What’s the difference between a fictional and a so-called real life private investigator?
I’ve been asked this question often. I was a licensed private investigator in San Francisco for more than twenty-five years, and there are a few things that I see as being different.
• Client base. I envied all of those fictional PIs (my Nick Polo included) who were able to take a single case and run with it for days or weeks. To stay in business, a private investigator needs multiple clients, and works on several cases at the same time. Like all small businessman, there are bills to be paid: rent, phone, a secretary and the cash that goes out for “confidential information.”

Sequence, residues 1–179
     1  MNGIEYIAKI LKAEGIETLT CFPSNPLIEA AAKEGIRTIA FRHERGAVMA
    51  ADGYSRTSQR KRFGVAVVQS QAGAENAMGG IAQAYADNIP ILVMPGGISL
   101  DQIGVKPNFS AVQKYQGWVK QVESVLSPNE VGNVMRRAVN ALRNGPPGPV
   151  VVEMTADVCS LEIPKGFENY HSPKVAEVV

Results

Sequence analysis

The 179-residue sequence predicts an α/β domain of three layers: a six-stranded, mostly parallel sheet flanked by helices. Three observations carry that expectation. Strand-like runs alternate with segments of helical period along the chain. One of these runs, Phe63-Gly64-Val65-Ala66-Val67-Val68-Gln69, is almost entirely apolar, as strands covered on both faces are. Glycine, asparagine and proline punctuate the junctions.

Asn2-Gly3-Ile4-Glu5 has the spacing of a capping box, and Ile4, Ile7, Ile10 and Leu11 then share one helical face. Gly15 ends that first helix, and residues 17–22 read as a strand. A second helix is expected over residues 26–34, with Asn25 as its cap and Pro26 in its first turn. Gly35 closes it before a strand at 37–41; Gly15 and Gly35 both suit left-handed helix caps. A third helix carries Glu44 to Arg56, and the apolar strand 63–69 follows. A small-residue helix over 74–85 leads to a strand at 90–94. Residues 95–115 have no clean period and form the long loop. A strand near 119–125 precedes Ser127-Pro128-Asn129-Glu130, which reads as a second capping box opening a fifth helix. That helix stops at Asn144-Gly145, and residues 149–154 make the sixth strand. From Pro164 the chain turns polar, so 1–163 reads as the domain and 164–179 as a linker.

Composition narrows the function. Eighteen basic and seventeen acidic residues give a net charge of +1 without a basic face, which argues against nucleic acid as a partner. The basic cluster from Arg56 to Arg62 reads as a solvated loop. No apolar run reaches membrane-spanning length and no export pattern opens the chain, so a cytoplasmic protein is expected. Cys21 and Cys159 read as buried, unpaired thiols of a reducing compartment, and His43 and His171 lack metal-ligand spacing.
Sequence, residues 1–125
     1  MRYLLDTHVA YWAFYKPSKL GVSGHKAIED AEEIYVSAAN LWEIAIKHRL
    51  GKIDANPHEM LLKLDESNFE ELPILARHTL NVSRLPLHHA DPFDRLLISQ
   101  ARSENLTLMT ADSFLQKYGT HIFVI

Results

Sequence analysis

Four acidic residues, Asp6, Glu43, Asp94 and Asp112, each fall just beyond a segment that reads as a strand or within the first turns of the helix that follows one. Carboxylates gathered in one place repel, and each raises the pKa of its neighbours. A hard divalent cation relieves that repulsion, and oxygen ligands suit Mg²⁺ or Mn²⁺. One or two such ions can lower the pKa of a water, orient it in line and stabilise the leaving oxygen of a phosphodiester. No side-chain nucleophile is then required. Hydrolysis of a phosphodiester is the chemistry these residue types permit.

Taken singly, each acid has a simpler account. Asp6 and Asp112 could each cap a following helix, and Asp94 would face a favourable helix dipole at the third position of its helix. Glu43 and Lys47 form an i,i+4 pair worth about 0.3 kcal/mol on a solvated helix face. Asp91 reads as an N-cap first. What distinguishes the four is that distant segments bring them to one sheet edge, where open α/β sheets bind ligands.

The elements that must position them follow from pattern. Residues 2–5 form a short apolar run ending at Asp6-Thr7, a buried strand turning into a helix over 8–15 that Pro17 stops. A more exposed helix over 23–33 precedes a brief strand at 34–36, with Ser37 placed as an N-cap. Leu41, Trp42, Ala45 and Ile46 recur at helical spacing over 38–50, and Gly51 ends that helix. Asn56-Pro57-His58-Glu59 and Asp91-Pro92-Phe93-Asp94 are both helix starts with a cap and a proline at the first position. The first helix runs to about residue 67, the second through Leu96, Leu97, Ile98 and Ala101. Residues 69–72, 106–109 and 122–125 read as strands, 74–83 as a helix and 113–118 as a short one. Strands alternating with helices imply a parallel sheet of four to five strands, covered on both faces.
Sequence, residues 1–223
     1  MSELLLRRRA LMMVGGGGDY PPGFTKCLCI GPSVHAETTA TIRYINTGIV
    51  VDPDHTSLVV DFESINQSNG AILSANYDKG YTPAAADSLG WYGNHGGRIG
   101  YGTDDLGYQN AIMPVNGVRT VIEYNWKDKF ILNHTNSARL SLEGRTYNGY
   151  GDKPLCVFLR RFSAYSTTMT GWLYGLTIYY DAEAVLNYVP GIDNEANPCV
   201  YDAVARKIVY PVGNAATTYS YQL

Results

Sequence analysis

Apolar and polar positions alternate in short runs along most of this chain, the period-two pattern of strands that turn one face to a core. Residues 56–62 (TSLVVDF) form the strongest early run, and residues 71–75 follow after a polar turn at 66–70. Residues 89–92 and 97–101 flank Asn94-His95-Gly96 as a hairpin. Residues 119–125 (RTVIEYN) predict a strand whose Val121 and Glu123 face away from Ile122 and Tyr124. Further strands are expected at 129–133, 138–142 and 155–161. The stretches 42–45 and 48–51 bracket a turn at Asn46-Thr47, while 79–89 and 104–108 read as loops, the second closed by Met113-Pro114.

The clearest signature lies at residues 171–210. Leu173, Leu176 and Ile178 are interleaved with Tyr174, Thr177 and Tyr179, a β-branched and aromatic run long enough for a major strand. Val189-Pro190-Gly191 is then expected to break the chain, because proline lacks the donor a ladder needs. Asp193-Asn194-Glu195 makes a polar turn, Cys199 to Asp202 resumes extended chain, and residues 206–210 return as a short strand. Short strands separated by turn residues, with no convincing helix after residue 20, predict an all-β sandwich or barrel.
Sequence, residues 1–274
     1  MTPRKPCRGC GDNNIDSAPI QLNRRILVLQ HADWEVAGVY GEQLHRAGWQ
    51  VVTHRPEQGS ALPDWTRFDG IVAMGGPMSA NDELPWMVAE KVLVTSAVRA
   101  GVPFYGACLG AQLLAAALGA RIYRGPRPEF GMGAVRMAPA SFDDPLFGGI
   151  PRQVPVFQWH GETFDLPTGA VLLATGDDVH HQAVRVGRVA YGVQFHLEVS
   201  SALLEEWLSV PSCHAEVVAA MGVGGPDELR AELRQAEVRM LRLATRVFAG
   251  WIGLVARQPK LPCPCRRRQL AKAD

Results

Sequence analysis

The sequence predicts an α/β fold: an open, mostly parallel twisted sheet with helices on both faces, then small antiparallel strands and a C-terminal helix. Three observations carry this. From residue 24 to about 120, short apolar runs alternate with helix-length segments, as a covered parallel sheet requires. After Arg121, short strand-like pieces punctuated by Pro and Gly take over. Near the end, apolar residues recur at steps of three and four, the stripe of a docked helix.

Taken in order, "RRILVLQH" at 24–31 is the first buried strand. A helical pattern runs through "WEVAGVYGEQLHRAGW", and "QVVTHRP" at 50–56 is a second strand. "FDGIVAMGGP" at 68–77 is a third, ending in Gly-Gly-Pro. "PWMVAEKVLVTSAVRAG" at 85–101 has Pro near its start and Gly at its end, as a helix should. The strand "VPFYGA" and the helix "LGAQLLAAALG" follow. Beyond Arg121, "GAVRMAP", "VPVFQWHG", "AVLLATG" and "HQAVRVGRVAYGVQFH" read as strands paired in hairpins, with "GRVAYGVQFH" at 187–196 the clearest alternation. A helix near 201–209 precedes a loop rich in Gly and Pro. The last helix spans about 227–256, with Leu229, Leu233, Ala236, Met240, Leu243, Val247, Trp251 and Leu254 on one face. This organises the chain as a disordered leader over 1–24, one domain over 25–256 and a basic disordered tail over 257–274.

I still enjoy rereading Raymond Chandler, with Marlowe alone in his office, putting a dent in the office bottle and waiting for someone to drop in with a case. In real life if there’s no work, you go out and “buy it.” I’d provide martinis, wine, and crab salads to clients and sure enough, a job would pop out of their briefcase.
• The use of computers. I know a few active PIs, and they admit that they seldom even leave the office. Ninety percent of their work is done via their computers. There are databases that cater to investigators. Boring work that would make for a boring book.